How to Use Proportion When Drawing People

By Contributor

How to Use Proportion When Drawing People. Sometimes a drawing can capture the features and expression of a person perfectly but it still looks a little off. Most likely the proportions aren't right, even if the viewer can't figure out what's wrong. People come in all shapes and sizes, but some general rules apply. Using proportions correctly makes everything look right in a drawing.

Use heads for measuring the figure to keep the body in proportion. Draw the head first and once that is finished use it to measure off the rest of the body.

Mark off the length of the body by measuring 6 heads, making the entire figure 7 heads high.

Measure the shoulder widths as 3 heads wide for typical people. Check this against the subject to make sure it's right.

Get the bottom of the chest in proportion by measuring down 2 head lengths from the top of the head.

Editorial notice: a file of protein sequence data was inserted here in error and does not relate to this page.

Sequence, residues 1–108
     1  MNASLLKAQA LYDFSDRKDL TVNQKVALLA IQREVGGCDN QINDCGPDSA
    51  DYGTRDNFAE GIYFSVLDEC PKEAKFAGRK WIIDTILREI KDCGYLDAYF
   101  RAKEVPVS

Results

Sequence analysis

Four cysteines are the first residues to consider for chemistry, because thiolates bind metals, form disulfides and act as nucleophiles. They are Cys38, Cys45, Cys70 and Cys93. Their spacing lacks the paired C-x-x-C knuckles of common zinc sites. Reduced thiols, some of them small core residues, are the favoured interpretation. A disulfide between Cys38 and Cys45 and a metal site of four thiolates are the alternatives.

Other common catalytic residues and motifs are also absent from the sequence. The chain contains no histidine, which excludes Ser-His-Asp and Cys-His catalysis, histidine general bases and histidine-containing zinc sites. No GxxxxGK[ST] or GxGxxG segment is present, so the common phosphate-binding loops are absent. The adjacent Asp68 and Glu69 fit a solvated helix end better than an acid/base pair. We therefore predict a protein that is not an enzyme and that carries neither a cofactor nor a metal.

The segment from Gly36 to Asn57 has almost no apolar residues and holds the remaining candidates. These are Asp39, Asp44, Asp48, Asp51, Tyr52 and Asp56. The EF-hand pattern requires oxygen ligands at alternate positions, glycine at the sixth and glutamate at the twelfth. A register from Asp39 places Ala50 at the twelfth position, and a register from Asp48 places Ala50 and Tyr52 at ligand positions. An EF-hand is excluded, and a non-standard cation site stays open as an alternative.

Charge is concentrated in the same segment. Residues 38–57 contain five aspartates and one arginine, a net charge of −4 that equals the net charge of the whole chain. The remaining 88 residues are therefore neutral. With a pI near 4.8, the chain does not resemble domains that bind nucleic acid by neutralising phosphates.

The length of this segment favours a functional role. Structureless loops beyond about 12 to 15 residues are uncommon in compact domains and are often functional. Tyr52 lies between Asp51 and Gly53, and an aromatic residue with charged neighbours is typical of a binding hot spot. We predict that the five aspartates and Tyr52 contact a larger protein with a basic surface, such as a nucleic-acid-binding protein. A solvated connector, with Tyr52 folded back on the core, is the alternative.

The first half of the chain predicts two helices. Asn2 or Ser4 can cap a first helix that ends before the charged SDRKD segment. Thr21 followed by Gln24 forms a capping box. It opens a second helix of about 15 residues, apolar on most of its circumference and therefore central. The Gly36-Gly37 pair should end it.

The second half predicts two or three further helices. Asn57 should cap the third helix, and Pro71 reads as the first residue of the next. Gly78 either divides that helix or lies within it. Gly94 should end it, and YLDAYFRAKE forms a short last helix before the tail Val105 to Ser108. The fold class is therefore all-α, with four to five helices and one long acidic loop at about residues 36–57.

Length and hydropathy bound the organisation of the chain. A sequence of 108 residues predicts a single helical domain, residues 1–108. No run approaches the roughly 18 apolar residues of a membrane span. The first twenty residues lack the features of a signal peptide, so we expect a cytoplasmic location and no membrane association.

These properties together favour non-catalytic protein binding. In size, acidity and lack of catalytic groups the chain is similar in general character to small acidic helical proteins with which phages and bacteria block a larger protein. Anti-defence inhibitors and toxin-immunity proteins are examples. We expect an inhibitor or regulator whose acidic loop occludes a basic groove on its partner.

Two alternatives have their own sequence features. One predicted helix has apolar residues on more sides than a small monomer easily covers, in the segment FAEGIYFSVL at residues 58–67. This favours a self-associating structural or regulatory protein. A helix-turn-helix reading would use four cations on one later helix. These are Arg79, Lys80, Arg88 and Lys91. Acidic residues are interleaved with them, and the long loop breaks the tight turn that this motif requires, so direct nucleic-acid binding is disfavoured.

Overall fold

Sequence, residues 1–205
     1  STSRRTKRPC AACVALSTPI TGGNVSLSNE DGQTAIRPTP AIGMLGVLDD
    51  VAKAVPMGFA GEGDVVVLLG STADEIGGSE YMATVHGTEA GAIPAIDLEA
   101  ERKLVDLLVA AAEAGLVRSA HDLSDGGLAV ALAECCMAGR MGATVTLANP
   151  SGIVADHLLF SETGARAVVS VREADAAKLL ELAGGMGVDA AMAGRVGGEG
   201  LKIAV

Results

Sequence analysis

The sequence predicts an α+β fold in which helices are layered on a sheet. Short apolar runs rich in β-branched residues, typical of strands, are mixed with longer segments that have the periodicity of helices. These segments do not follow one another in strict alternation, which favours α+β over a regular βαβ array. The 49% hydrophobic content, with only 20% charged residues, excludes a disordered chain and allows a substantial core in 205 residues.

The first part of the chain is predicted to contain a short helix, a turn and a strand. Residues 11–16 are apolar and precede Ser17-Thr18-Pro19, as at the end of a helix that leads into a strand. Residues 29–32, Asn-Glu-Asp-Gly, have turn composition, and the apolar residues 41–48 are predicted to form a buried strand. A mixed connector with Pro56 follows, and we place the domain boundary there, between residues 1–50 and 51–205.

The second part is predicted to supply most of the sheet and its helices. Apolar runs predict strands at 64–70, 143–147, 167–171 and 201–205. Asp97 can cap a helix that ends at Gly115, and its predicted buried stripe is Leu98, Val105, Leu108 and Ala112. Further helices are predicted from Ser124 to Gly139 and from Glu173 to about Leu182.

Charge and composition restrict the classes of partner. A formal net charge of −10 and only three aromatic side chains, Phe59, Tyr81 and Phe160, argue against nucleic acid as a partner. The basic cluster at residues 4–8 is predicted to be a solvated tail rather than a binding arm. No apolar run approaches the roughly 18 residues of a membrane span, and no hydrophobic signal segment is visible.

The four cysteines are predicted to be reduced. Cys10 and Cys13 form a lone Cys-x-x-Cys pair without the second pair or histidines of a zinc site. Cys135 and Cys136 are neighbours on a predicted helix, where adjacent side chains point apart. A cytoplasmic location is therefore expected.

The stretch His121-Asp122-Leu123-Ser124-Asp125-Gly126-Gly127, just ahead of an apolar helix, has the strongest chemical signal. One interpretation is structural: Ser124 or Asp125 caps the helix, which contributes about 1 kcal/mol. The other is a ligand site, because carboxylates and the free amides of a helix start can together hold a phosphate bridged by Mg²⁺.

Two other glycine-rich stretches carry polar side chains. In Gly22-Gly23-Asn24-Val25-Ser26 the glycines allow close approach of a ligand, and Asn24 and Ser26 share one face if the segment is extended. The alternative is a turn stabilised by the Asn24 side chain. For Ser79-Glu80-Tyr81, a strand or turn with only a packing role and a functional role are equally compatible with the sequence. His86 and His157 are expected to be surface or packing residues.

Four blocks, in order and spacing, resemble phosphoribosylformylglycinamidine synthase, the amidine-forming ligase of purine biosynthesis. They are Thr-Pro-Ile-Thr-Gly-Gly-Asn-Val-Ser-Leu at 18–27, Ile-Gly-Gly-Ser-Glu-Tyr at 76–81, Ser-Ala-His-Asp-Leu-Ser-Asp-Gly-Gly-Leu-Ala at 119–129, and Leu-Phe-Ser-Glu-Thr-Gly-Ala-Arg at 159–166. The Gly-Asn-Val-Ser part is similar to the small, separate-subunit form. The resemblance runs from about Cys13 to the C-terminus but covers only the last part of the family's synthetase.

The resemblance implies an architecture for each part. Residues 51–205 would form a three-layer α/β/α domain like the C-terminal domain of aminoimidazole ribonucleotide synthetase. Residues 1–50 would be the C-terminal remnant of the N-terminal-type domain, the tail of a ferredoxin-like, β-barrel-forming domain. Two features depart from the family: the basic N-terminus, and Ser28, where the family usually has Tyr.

Draw the arms so the fingertips fall no longer than 5 head lengths from the top of the figure. The measurement from the elbow to the fingertips is 2 heads long and the hand is one head length, including fingers.

Sketch in the legs and feet. The standard body proportion is 4 heads from the hips to the feet.

Use a pencil held out at arm's length to measure a live model's proportions. Close one eye to get better focus and mark the length on the pencil with the thumb. This helps the artist get more accurate measurements. Use either the pencil method or a ruler when working from a photo.

Once the standard body proportions are sketched onto the drawing, make them more definitive and fill in shadow and texture.

Tip

Once the standard body proportions are sketched onto the drawing, make them more definitive and fill in shadow and texture.